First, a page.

For Students > Support Programs > Disability Resource Center > FAQs > Accommodations > Blind and Low Vision
Accommodations for Blind and Low Vision students:
Not so long ago, the only solutions for students with vision problems were Braille textbooks, or a human reader. Many other tools have been developed that help students get easier access to materials, greater independence, and increased options.
A screen reader will read the contents of a computer screen (either a web page, or a document.) Commonly used software programs are JAWS, Window Eyes, and HAL. There are many others, including free, open source products, such as Thunder.
Screen Readers have changed the landscape for the blind/low vision student, because they reduce dependence on distant libraries or human assistants. Screen Readers allow access to the web, like any other student. Students can get their textbooks converted to e-text, and the Screen Reader will read them their book. No more long waits for materials in the mail.
The first Screen Readers delivered a very stilted, “computer” voice, but the technology is improving; more and better voicing is being developed all the time.
For students who have some vision, screen enlargement can be a solution. There are two basic approaches:
Large Screen Monitor: A document viewed on a 19 or 22 inch monitor can be enlarged to 24 point font or larger. Low vision students may prefer this to a screen reader, because they can take advantage of visual cues, such as color, font size, and graphics.
Software solutions: There are many different products that will enlarge on-screen text. Most programs have enlargement up to 16X or more, and allow color inversion, cursor customization, and a screen reader option. Some common programs are: ZoomText, Magic, and SuperNova. There are also free, open source products available, such as Lens Magnifying Glass.
A Closed Caption Television (CCTV) is used to enlarged hard copy documents. This allows students to access documents --this morning’s newspaper, a magazine article, or a letter-- right now, without waiting for it to be scanned or converted. A CCTV has a camera lens, and projects the image onto a computer screen. Students can access controls that allow control of image size, and allow the student to set the preferred background color for maximum vision.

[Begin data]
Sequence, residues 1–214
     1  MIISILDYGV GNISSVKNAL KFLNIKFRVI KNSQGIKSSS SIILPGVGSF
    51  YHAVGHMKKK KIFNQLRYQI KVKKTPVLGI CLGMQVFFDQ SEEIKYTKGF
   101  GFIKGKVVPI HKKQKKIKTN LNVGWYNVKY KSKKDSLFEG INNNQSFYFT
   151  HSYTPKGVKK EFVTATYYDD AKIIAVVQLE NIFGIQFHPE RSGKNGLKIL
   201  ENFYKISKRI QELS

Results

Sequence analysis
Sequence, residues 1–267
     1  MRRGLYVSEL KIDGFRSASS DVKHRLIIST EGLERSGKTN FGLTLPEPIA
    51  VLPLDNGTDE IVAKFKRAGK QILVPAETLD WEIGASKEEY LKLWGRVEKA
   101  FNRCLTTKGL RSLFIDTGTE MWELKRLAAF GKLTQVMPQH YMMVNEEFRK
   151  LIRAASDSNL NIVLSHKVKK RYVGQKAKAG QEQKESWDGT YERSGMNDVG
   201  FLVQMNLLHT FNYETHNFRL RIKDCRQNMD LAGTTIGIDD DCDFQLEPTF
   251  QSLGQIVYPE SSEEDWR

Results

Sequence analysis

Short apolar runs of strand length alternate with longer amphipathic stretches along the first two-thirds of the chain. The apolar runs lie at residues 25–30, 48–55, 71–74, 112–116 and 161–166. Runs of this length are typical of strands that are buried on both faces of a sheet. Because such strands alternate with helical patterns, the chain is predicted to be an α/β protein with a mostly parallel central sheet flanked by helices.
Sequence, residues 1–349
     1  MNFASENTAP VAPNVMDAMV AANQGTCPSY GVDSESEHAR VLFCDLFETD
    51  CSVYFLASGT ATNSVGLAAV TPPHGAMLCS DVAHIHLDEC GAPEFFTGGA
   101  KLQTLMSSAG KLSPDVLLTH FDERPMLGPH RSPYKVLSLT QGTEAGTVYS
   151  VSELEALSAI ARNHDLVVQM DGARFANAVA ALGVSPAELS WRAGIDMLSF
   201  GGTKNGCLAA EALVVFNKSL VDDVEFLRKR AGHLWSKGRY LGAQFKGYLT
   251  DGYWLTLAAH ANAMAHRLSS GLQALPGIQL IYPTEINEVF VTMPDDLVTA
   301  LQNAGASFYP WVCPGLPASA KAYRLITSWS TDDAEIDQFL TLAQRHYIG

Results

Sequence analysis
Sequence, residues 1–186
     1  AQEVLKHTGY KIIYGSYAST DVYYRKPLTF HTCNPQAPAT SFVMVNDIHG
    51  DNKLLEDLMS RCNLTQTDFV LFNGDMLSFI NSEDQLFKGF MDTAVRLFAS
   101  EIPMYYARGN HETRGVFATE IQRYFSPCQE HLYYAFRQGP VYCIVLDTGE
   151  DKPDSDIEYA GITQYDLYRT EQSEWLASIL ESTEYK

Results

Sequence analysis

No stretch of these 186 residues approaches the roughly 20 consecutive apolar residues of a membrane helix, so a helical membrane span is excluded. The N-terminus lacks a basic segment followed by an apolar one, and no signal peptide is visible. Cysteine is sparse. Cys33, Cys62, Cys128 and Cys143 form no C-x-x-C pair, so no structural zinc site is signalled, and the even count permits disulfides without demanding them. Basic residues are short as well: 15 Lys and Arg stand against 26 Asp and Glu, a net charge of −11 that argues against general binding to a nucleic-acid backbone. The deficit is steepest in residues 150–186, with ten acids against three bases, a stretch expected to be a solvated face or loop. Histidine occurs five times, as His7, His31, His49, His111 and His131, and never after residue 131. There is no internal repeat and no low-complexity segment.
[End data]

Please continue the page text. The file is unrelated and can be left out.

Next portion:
For some blind and low vision students, an audio file is preferrable to the screen reader. This is particularly true for students who lose vision later in life, because they are not Braille users, and it takes time to adjust to the computer and screen reader technology. In the interim, audio files can be a good solution, because the student can access familiar technology, such as a CD player or MP3 player.
Audio files are available in different formats, depending on the preferred technology, and depending on what is most readily available. Most audio files use computer-generated voicing. RFB&D has a good selection of textbooks produced by a human-generated voice. Other sources, such as The National Library Service for the Blind and Audible.com have high-quality materials, but they don’t carry many textbooks, so this is more often a source of recreational reading material.
If you have ever listened to a long MP3, you know that finding your place is difficult. This is especially important for students. DAISY books are a form of audio book that is formatted, so that users can easily navigate to a certain chapter or page. DAISY books must be accessed on a special DAISY Player, or a software reader, like Easy Reader. Students who use DAISY books will need special equipment and training to get the most out of these materials.
The Kindle is a product developed by Amazon. It offers wireless downloads of books and periodicals, text enlargement, and a screen reader. At this time Amazon does not offer textbooks, but might become a good resource in the future.
For you sighted folks, Braille is a tactile reading and writing system that is used by individuals who are blind or legally blind. Braille is very difficult to learn, and proficient Braille users are typically people who were born blind, or lost vision very early in life. Braille has been used for about 200 years, and has experienced some decline since the development of screen readers and other technology. But it is still an essential skill, and of course essential to students who are both blind and Deaf. (These folks get a lot of their information with a Refreshable Braille Display, that reads the computer screen, and outputs it as Braille.)
The Alternate Text Production Center generates Braille textbooks for students in the California Community College system. Their resources are limited, and it takes a long time to convert a textbook to Braille. If the student’s book is not already in their catalog (or available from another source,) it may be difficult to get materials in a timely manner. Mendocino College students who use Braille will need to work very closely with the Counselor and the Alternate Media Specialist to coordinate services.
The best solution for accessing text is usually a screen reader or computer enlargement. This is not always practical if the student needs to access materials in the classroom. (For instance, handouts, the syllabus, or a midterm exam.) In these situations, a hardcopy enlargement will be needed. The Alternate Media Specialist is responsible for assuring that enlargements are available for your classroom use.
Created: May 04, 2009 @ 12:42 PM
Last Modified: August 05, 2010 @ 01:11 PM